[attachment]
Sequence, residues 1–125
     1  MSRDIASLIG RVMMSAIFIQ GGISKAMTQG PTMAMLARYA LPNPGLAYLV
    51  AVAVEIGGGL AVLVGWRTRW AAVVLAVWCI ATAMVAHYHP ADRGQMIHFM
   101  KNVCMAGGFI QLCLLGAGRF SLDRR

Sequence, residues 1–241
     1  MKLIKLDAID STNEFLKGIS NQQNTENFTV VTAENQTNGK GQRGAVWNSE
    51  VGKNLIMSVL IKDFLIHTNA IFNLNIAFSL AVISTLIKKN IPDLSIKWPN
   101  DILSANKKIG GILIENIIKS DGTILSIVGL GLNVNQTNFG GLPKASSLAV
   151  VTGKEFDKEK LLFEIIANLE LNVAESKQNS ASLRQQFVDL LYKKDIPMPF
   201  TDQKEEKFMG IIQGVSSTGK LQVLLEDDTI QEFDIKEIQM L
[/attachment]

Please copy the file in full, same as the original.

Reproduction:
Sequence, residues 1–125
     1  MSRDIASLIG RVMMSAIFIQ GGISKAMTQG PTMAMLARYA LPNPGLAYLV
    51  AVAVEIGGGL AVLVGWRTRW AAVVLAVWCI ATAMVAHYHP ADRGQMIHFM
   101  KNVCMAGGFI QLCLLGAGRF SLDRR

Sequence, residues 1–241
     1  MKLIKLDAID STNEFLKGIS NQQNTENFTV VTAENQTNGK GQRGAVWNSE
    51  VGKNLIMSVL IKDFLIHTNA IFNLNIAFSL AVISTLIKKN IPDLSIKWPN
   101  DILSANKKIG GILIENIIKS DGTILSIVGL GLNVNQTNFG GLPKASSLAV
   151  VTGKEFDKEK LLFEIIANLE LNVAESKQNS ASLRQQFVDL LYKKDIPMPF
   201  TDQKEEKFMG IIQGVSSTGK LQVLLEDDTI QEFDIKEIQM L